Quantum Computing and Music – jamming together, finally

One might not expect quantum computing and music industry to be spoken in the same sentence, and yet by the New Year in 2021, this will start becoming a reality.

This will start with a collaboration between the Universities of Plymouth and Oxford, as both will develop QuTune, a custom-made quantum computing programming toolbox that will allow musicians to leverage the technology.

Supporting industry experts include Spotify, inMusic, and quantum computing heavy-hitter Rigetti Computing. The team from both universities will work together to develop QuTune. Running demonstrations of the toolbox will be the first order of business.

Lasting for 12 months, the £200,000 study is mostly funded by the UK National Quantum Technologies Programme. The goal is to prepare the music industry to eventually be compatible with quantum technologies. Through this large and longer-term project, new methods of integrating quantum computing technology into other industries like music can be discovered.

‘The UK government has made clear its ambitions for a competitive quantum industry in our future economy. In order to realise this, however, it must enlarge the range of applications for the technology, forge new markets and develop a quantum-ready workforce. The music industry, which contributes more than £5bn to the UK economy, is heavily dependent upon computers and so the potential impact of next-generation quantum technology is likely to be profound.’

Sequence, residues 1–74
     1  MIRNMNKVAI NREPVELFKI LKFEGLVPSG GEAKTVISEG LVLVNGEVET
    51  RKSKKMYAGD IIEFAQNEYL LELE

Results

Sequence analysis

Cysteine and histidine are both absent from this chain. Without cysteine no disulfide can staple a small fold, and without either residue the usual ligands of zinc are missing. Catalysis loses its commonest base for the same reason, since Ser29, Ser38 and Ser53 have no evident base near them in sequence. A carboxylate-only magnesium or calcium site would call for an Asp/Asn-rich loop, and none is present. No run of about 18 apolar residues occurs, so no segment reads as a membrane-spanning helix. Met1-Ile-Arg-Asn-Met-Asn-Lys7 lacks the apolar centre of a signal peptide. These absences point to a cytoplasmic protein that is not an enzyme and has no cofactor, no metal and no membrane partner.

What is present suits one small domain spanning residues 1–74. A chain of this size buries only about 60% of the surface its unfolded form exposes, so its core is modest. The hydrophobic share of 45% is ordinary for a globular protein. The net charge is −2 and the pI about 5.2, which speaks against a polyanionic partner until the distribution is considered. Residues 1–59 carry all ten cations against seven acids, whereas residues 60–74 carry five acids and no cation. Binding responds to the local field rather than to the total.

Professor Eduardo Miranda, Head of the Interdisciplinary Centre for Computer Music Research (ICCMR) at Plymouth, and lead investigator

The two advantages quantum computing can bring to music that classical computers cannot are employing new methods of creativity and speedier algorithms. QuTunes will explore these two advantages in detailed fashion. The programming toolbox has been determined to be open-source and will come with tutorials and demonstrations.

The ways quantum computers can be used in the music industry will prove to be very interesting.

Ever since the 1950s, there has been research in using computers to make music. Today, computers are present everywhere in the industry. Film composers already use computers to load instrument samples, plugins, and other software to make and fine-tune their scores. Some genres are even inseparable from computers, such as chiptune, EDM, and many more. Faster quantum algorithms also allow for a revolution on how music is going to be distributed.

‘Spotify is developing AI systems to assist music creation, manage our huge music catalogue efficiently and optimize music recommendation and streaming.’

Dr Francois Pachet, Director of Research at Spotify

‘There are clear theoretical connections between quantum physics and music at a conceptual level. This project will provide the tools to exploit these connections in practice.’

Professor Bob Coeke, of the Department of Computer Science, University of Oxford

About Interdisciplinary Centre for Computer Music Research (ICCMR)

The ICCMR has access to high-end technology to conduct groundbreaking research in music, computers, and the brain, tying these three in the music industry and community. ICCMR has also done research in theatre, psychology, dance, and neuroscience. The Centre boasts more than £2.5 million in funding from the last few years.

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